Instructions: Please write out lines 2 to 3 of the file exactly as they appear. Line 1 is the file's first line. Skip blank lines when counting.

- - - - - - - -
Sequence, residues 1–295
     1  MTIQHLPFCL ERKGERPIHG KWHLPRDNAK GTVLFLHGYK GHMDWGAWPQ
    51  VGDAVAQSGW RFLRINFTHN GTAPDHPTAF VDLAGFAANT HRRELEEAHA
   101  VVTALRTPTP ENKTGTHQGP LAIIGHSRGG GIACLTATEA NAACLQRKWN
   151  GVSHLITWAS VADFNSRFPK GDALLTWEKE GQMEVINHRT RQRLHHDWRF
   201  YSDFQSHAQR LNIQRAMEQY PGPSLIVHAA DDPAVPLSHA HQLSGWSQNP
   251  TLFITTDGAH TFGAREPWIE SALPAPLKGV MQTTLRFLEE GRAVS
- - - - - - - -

     1  MTIQHLPFCL ERKGERPIHG KWHLPRDNAK GTVLFLHGYK GHMDWGAWPQ
    51  VGDAVAQSGW RFLRINFTHN GTAPDHPTAF VDLAGFAANT HRRELEEAHA